The Best Neighbourhoods in Paris

Looking up towards the Basilica de Sacre Coeur in Montmartre, Paris © Peter Forsberg / Alamy
Looking up towards the Basilica de Sacre Coeur in Montmartre, Paris © Peter Forsberg / Alamy | © Peter Forsberg / Alamy
Anna Brooke

Negotiate your way around the French capital with Culture Trip’s insider guide to its most fascinating neighbourhoods, from Montmartre to the Latin Quarter and beyond.

Explore more of the country with Culture Trip and plan further adventures in the coming months.

Neighbourhoods in Paris are constantly reinventing themselves, as new generations of innovative restaurateurs, art gallerists, mixologists and unique retailers work their way into the diverse fabric of cultures that populate the French capital. The best neighbourhoods in Paris infuse their rich history with new energy, full of the savoir vivre for which Parisians are known.


Architectural Landmark

CHARONNE DISTRICT, PARIS. Image shot 04/2019. Exact date unknown.
© John Kellerman / Alamy

In its tapestry of old industrial buildings and winding residential streets, Charonne has a cool, village-like feel, accentuated by allotment gardens, cobbled passageways and Église Saint-Germain de Charonne, known for its 13th-Century tower and cemetery, one of only two church graveyards left in central Paris. But the area’s also about hip nightlife, starting with Mama Shelter hotel, home to an uber-trendy restaurant and rooftop, and the Flêche d’Or arts and concert venue, set in a former railway station.


Architectural Landmark

The famous cafe La Coupole, Paris, France. PMKK7K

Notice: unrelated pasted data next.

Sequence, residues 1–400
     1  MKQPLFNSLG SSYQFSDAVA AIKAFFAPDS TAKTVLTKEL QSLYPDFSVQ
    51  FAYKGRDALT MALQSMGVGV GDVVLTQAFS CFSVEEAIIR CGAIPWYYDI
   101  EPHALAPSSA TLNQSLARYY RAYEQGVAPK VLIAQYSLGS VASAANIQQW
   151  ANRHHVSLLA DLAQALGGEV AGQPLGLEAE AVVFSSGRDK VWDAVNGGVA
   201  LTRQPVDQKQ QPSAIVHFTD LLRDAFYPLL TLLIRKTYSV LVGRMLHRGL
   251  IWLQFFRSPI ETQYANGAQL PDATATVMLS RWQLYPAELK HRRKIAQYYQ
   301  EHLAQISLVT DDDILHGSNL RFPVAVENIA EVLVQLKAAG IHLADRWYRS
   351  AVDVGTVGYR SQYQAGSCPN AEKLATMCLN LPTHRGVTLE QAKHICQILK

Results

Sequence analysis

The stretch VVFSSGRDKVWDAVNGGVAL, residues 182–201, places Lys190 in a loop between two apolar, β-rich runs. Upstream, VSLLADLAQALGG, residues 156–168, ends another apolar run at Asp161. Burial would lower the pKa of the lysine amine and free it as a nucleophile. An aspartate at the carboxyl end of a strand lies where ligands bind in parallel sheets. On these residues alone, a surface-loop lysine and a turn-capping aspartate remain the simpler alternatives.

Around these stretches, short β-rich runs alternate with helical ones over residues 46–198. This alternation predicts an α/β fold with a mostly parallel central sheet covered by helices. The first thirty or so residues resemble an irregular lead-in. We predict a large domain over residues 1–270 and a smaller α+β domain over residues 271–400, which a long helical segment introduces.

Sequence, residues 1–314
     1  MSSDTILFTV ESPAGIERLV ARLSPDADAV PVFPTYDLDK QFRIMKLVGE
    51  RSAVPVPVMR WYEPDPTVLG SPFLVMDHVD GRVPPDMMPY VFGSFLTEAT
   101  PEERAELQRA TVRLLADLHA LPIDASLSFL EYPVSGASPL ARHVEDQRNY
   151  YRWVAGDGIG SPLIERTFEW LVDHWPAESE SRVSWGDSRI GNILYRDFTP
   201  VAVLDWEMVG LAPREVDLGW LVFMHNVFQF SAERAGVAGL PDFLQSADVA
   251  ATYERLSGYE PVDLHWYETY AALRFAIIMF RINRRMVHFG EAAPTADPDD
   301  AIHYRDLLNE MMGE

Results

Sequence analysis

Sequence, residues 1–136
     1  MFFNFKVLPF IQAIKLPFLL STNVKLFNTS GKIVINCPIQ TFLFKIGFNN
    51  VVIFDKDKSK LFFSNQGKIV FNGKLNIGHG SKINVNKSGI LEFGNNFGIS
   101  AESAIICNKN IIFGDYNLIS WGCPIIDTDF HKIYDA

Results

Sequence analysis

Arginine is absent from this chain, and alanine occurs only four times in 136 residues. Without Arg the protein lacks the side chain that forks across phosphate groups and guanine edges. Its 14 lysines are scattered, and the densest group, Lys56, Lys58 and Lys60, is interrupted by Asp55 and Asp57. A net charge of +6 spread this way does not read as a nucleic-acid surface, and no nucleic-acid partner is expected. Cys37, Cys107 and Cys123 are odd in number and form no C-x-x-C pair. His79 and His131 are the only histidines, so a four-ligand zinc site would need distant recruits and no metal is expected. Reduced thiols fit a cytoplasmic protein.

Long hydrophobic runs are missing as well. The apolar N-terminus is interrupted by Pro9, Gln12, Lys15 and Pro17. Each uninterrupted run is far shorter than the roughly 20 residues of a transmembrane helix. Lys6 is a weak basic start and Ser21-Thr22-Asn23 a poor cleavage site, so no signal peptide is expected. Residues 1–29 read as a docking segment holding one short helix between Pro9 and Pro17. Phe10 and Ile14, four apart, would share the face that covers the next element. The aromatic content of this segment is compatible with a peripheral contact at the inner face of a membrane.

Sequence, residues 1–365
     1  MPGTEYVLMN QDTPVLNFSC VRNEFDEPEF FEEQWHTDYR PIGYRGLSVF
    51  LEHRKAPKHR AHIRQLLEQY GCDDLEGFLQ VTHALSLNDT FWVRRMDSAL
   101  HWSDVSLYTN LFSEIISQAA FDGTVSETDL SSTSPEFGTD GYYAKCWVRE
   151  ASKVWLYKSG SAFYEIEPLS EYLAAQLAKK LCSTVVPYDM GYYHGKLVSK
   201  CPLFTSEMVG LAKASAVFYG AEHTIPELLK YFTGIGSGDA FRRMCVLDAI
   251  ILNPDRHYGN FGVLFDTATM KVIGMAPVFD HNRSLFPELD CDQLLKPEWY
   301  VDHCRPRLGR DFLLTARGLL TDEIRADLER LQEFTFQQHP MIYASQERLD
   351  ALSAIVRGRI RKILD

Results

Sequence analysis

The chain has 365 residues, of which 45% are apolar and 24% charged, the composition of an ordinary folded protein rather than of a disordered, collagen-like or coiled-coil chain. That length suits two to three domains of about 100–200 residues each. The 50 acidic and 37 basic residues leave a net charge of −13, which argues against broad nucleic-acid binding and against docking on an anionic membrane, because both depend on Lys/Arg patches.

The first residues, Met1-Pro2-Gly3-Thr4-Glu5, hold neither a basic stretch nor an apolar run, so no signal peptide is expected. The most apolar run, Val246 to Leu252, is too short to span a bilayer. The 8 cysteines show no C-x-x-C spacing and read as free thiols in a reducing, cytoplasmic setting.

© Petr Kovalenkov / Alamy

Buzzing Montparnasse was once the artistic hub where Picasso and Matisse hung out in cafés and brasseries including La Rotonde and La Coupole, both still going strong in elegant Parisian fashion. The monumental sculptures of Matisse’s teacher, Antoine Bourdelle, are showcased at Musée Bourdelle. But modern Montparnasse is more about shopping than art, with long avenues of chain stores and chic indie boutiques. The city’s best views are to be enjoyed at the top of Tour Montparnasse and its panoramic Ciel de Paris bar-restaurant.

Latin Quarter

Architectural Landmark

People eating lunch at an oudoor cafe on Rue Mouffetard, Paris, France
© Andrew Paul Travel / Alamy

With its Seine-side quays and cafes full of Sorbonne students, the Latin Quarter is, no two ways about it, an iconic area. Avoid the tourist-crammed streets around rue de la Harpe, and explore instead the Panthéon, resting place of great French thinkers, and the medieval-themed Musée de Cluny, with its underground Gallo Roman baths. For peace and quiet, you can’t beat the Arènes de Lutèce park set in the vestiges of a Roman amphitheatre, and allow yourself time to explore rue Mouffetard’s street market.